Na-do is a corrupt cop who, after being bitten by a mosquito carrying vampire blood, finds himself quite partial to the taste of the red stuff. He also discovers that he sprouts a pair of fangs and has incredible strength when ever he is sexually aroused. When the gangsters that he has been in cohoots with attempt to kill him, Na-do realises that he’s going to have to make some changes to reclaim his friendships, take his revenge on the gangsters – and to get the girl…
From its light-hearted opening scenes which depict a vampire in his castle in Transylvania being bitten by a mosquito, its clear that Vampire Cop Ricky is going to be quirky. The film then moves into semi-serious territory as we’re introduced to corrupt cop Na-do, then it’s not long before he’s bitten by the infected bug. Somewhere along here we see a couple of tone changes until suddenly the goofiness is ramped up by the vampire transformations and super-powers, while the semi-serious plot gets a bit more serious. Vampire Cop Ricky doesn’t handle these transitions from goofy to serious with any subtlety. For anyone who likes a consistent tone or a sense of over-arching development this will be one to avoid. Sure, our hero learns lessons at the end of the day, and the film is given an interesting conclusion that would be more effective for a more carefully evened movie, but ultimately Vampire Cop Ricky lurches all over the place throwing in drama, comedy and action without any real care for how it all gels together.
That said, for anyone looking for a silly and entertaining couple of hours Vampire Cop Ricky still delivers. There’s a lot of great gags, some impressive action scenes with the sort of stylish choreography which is rarely seen in Korean cinema outside of a Ryoo Seung-wan film, and a really strong cast. Subtlety s not the key here, several big jokes centre around the concept that our hero turns vampiric when he’s feeling horny. Still, Kim Su-ro carries off the lead with ease, and it’s not just his ability to mug and deliver great comedy timing that gets him through – as usual he shows a natural ability for drama and while he has a few moments which call on these dramatic skills Vampire Cop Ricky is not the place for much more than a few character beats. Then we’re back to the comedy and mugging.
The rest of the cast are equally strong although incredibly underused as Kim Su-ro gets more than the lions share of the screen time and it feels like everyone else is just filling the gaps. As the frustrated Inspector Kang Jeon Ho-jin tries to add some emotional gravitas to his friendship with Na-do but fails to register as much more than a tired looking friend. Jo Yeo-jeong doesn’t get much more to do than just be very cute as Na-dos taken-for-granted girlfriend, although the the relationship between the two of them is nicely convincing. Then there’s Oh Kwang-rok who makes a brief appearance as a vampire hunter (a la Lam Ching Ying) which is potentially great but which only really used for exposition. It’s only Son Byung-ho who manages to really stands out in a performance that just manages to stay on the right side of offensive as camp gangster Tak Mun-su who goes head to head with Na-do in a performance that incorporates creepy and very funny with good effect.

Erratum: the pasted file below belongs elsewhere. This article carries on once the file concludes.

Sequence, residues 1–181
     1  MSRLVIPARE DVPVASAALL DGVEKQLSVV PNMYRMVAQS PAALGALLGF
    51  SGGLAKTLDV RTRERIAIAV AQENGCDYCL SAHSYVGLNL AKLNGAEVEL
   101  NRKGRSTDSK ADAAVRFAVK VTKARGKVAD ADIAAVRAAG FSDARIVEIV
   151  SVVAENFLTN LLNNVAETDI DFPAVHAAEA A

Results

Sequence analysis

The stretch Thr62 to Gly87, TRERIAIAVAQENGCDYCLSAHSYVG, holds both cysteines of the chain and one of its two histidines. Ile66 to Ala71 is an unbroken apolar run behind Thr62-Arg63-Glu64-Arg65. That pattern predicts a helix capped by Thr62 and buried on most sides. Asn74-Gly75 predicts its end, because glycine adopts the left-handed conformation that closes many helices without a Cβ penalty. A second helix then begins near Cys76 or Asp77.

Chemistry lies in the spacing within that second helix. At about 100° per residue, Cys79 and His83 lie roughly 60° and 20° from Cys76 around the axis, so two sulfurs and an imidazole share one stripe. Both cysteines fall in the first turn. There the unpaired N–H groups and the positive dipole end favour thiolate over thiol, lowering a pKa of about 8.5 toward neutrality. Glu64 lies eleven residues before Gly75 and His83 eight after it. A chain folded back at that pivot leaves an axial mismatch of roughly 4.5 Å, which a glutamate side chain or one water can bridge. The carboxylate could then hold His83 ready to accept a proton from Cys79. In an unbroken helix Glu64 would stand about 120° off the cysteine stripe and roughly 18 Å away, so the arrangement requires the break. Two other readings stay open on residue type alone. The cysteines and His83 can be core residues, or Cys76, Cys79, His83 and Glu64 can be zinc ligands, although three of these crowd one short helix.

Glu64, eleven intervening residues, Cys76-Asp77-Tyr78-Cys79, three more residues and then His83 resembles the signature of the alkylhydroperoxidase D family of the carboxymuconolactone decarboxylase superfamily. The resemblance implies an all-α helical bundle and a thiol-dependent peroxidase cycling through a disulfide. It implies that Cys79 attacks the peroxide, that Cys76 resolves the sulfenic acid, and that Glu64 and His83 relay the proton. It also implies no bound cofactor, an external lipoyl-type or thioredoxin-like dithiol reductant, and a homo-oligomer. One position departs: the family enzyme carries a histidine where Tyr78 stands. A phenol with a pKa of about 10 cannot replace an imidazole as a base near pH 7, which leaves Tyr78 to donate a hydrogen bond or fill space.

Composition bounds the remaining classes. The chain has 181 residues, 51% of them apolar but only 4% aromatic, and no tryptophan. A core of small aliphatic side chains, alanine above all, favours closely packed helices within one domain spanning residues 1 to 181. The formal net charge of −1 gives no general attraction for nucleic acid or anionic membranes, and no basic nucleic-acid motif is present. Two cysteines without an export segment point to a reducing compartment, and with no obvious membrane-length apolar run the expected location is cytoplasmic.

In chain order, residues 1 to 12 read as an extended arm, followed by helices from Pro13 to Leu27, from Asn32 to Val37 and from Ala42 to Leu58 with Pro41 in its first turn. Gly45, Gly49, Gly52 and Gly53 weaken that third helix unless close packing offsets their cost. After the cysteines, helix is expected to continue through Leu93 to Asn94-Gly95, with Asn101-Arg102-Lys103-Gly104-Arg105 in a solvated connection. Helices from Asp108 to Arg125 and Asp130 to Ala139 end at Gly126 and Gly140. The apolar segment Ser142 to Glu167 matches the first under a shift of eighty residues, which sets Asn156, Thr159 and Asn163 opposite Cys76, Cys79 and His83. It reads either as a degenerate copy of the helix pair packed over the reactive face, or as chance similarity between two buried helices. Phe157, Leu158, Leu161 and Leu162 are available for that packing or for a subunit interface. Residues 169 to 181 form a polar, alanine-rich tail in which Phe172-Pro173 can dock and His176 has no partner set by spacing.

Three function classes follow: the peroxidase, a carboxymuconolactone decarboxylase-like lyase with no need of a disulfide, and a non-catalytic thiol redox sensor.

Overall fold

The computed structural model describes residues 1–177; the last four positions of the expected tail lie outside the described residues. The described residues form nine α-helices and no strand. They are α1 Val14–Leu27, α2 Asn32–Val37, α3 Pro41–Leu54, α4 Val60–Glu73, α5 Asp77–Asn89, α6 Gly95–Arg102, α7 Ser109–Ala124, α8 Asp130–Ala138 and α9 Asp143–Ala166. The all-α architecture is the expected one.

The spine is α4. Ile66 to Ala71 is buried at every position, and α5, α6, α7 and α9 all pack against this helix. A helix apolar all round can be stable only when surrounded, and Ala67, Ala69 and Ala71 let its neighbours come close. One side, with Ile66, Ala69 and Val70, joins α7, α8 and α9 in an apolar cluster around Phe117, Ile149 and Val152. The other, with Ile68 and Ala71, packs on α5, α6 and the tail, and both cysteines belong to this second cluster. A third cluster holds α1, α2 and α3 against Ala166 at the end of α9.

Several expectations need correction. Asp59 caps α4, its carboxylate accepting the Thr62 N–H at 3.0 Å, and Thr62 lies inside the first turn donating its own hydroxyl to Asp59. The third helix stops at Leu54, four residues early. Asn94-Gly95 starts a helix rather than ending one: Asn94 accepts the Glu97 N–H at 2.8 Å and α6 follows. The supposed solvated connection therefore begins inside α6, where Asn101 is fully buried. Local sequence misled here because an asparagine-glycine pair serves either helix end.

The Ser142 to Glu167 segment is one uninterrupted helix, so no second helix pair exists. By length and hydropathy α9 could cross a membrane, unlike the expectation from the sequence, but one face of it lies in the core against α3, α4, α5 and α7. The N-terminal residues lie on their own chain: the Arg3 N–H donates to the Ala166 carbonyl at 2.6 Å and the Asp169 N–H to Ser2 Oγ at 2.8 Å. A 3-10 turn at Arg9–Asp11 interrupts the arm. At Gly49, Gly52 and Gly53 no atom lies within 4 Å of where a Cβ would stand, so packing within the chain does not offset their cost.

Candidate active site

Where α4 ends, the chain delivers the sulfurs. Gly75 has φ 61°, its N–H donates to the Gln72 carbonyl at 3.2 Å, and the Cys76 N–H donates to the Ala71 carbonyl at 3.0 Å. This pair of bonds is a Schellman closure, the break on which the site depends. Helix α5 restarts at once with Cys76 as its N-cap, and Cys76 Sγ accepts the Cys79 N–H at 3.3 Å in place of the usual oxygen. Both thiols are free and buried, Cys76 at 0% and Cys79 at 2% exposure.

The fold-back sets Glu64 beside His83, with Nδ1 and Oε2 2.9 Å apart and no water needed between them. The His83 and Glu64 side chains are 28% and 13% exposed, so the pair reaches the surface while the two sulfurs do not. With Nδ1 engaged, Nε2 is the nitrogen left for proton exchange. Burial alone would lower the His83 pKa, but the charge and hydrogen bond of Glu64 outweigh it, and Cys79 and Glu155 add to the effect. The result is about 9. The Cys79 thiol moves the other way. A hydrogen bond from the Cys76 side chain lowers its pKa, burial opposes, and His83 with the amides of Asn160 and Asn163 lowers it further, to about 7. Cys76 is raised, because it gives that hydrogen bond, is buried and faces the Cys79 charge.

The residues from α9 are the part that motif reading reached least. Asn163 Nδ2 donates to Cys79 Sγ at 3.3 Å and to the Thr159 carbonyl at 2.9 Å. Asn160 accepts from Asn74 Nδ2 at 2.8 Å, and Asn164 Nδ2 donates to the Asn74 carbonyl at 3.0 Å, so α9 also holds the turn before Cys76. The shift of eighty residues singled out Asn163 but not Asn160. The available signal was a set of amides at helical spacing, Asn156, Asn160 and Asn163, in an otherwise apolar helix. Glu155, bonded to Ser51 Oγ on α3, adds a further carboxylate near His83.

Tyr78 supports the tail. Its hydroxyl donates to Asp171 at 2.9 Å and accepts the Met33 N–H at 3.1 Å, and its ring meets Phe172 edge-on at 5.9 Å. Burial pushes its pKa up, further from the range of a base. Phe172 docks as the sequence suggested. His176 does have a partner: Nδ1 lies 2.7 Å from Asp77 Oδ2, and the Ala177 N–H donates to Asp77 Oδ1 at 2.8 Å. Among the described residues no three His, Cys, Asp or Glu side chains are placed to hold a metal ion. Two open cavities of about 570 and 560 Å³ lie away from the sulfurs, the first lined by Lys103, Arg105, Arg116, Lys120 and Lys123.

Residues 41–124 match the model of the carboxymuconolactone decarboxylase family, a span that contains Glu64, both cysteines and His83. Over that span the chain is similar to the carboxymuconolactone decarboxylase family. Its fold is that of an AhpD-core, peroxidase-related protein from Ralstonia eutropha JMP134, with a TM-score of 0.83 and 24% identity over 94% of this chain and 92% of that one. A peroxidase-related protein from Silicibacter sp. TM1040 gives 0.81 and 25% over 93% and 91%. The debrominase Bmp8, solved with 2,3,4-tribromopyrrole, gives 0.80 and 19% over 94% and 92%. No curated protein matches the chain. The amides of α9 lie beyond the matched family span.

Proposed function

Technically there’s little to fault in Vampire Cop Ricky. With a sparing use of CGI effects along with real effects and stunt-work, the vampire powers and appearance are kept refreshingly simple. The use of contact lenses and false teeth are the extent of the look, so it’s really down to Kim Su-ros performance to dig into the vampire stuff – something which he appears to have great fun doing. Cinematography is unremarkable but manages not to get in the way – a couple of flashy long crane shots are about the biggest flourishes, everything else is kept pretty simple and this works well given the reliance on the central performance. It really is the script itself which could be give the most criticism – there’s some standout moments and a lot of great ideas in Ricky, so it’s just a shame that the whole thing isn’t better tied in together. Many people won’t find this a problem as it ultimately delivers on the entertainment front. It’s the script that makes helps to make Vampire Cop Ricky a good comedy, but keeps it from being a great one.
It’s a film that will divide its viewers, Vampire Cop Ricky may be seen to not live up to its potential or the abilities of its cast, but it’s also nearly two hours of daft entertainment with a few laugh out loud moments and some cracking action. Ultimately this should probably be filed under ‘guilty pleasure’…
흡혈 형사 나도열 (Vampire Cop Ricky)
Directed by Lee Si-myung
Produced by Choi Yong-bae, Lee Si-myung, Kim Ik-sang
Written by Kim Se-gyeom, Jeon Soon-wook, Namgung Kyun, Kim Soo-yeong
Starring Kim Su-ro, Jeon Ho-jin, Oh Kwang-rok, Son Byung-ho, Jo Yeo-jeong
Vampire Cop Ricky Image © SM-Film, Chungeorahm Films